Coastal Storm Research Has Problems

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Posted November 8, 2018

On Thursday, September 13, 2018 I attended the meeting at Ocean County College regarding the back bay Coastal Storm Management. I would like to express my concerns regarding their current research.

First, their research on the beach and dune replenishments is majorly flawed. Weeks Construction/Dredging spends months pumping sand onto the beach and three nor’easters later the beach is gone (between January and April). So, they pumped more money into the project only to watch the ocean take back what it wants. There appears to be no attention paid to current flows or ways to stop the sand movement northward. One might look at the south jetties of Manasquan and Shark River to see how the south jetties have built the beaches. I have seen the sand continue to fill that area into the inlets. Now, I am hearing they are looking to find sand to fill the holes that were created in the ocean floor and are thinking to use dredge spoils from the bay. Can’t wait to see the law suits from the environmentalists!

I am in favor of tidal doors at Manasquan, Shark River and Barnegat Inlets. I feel very strongly that this will stop the back-bay flooding by limiting the amount of water entering the rivers and being held in by the storm surges. However, one must consider these facts:

The flow of water down the rivers from the land behind the doors. Rotterdam had this problem. The North Sea storms didn’t get them; it was the backed-up river water. Pumps would have to be installed to remove river/rainwater flow out from behind the doors.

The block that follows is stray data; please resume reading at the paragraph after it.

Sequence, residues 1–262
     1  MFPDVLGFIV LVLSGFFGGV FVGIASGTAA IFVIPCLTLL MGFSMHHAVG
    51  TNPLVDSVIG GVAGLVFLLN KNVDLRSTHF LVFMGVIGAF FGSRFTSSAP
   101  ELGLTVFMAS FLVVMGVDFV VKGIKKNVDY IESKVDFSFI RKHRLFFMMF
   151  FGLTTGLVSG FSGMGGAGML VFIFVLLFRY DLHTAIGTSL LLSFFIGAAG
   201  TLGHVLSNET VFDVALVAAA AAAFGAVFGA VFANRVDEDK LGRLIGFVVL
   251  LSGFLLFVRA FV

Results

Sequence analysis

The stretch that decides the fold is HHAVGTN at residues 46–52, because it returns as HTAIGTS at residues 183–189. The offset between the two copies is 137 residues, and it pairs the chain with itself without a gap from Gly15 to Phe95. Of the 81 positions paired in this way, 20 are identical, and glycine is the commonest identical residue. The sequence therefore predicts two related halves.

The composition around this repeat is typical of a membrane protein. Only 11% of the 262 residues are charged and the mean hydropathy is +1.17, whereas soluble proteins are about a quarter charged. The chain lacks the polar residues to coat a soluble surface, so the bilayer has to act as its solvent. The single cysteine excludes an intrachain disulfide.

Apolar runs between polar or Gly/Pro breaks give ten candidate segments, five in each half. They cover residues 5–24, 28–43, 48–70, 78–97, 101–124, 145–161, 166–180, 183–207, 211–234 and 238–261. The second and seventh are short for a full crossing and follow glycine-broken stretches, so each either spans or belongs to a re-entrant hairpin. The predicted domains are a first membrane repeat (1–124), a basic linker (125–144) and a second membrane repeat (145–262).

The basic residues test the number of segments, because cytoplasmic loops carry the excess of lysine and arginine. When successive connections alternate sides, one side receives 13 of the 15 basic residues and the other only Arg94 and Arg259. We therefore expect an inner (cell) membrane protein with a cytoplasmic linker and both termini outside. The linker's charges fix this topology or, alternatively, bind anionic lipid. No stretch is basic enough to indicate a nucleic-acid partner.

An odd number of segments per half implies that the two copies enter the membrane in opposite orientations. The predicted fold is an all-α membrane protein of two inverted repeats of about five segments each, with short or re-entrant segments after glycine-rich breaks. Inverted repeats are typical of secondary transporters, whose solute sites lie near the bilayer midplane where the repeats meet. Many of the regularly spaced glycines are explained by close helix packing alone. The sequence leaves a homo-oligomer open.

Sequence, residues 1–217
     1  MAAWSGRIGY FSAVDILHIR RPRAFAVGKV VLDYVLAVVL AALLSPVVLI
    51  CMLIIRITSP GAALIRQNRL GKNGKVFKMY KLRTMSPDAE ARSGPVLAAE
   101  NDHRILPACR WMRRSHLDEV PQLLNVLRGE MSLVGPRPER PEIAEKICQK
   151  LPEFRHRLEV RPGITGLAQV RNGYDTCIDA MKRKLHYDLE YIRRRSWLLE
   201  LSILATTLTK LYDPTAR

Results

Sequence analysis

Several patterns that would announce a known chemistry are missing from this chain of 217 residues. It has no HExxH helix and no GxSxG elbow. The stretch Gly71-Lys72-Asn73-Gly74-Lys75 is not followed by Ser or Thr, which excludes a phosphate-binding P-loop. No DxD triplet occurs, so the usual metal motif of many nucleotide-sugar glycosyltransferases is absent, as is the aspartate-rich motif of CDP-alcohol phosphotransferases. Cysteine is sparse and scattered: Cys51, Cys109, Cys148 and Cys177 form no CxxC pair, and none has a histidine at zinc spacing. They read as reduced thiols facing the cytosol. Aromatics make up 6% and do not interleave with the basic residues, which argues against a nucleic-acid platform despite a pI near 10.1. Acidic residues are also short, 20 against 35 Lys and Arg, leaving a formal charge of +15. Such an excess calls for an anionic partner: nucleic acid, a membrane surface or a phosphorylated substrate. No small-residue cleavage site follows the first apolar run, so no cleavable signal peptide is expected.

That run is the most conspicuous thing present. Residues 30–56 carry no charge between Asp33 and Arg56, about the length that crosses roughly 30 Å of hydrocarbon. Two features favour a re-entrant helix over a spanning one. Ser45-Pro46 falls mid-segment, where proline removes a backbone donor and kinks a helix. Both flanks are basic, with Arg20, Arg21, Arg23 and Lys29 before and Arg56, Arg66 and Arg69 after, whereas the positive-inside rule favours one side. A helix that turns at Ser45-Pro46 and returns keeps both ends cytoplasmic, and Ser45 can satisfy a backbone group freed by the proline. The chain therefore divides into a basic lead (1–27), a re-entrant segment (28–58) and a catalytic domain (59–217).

Speaking of flow, by placing the design presented at the meeting you are going to create an increase in water flow in the inlets on incoming and outgoing tides in the area of the piers. Restricting the flow of water volume through the inlet would increase the hazard of transit. Another point of proof to look at is the history of the Route 88 Bridge in the Pt. Pleasant Canal. There with an 8-knot current on many days. A three- to four-foot hydraulic step was created at the peak of tide change. Then added to this was the erosion of the piers by the current. Engineers dumped rock around the piers to protect the bridge from collapsing and created a larger transiting problem from the current. Today, it is an easy passage with the piers removed. The last question I have is how would a boat get in or out of the inlet looking for a safe harbor during the storm or the Coast Guard responding to a Mayday call?

It may help very little but it needs to be done: the dredging of the bay channels. I don’t believe it would change the water levels much, because water will seek its own level. In the bay but it would help in the flow of the water and navigation.

Storm pumps should be considered rather than the Perimeter Wall Plans. With the gates you would just have to remove the rain water runoff from the bay. The bay water level is affected more by wind than much else in my experience of working the bay for over 44 years.

Perimeter Wall plans have two drawbacks in my opinion.

They are made from concrete. Concrete does not hold up well to salt water, ice and the cold. They will crack allowing water in those cracks which will freeze then chip.

These walls have been known to break! (i.e. New Orleans)

I can’t see the people living by the Manasquan and Brielle by the Inlet allowing a wall behind their multi-million dollar homes. Just think the legal issues/suits that the waterfront owners would bring against the project (i.e. beach replenishments, what was the cost for attorneys for that?)

Source: Jersey Shore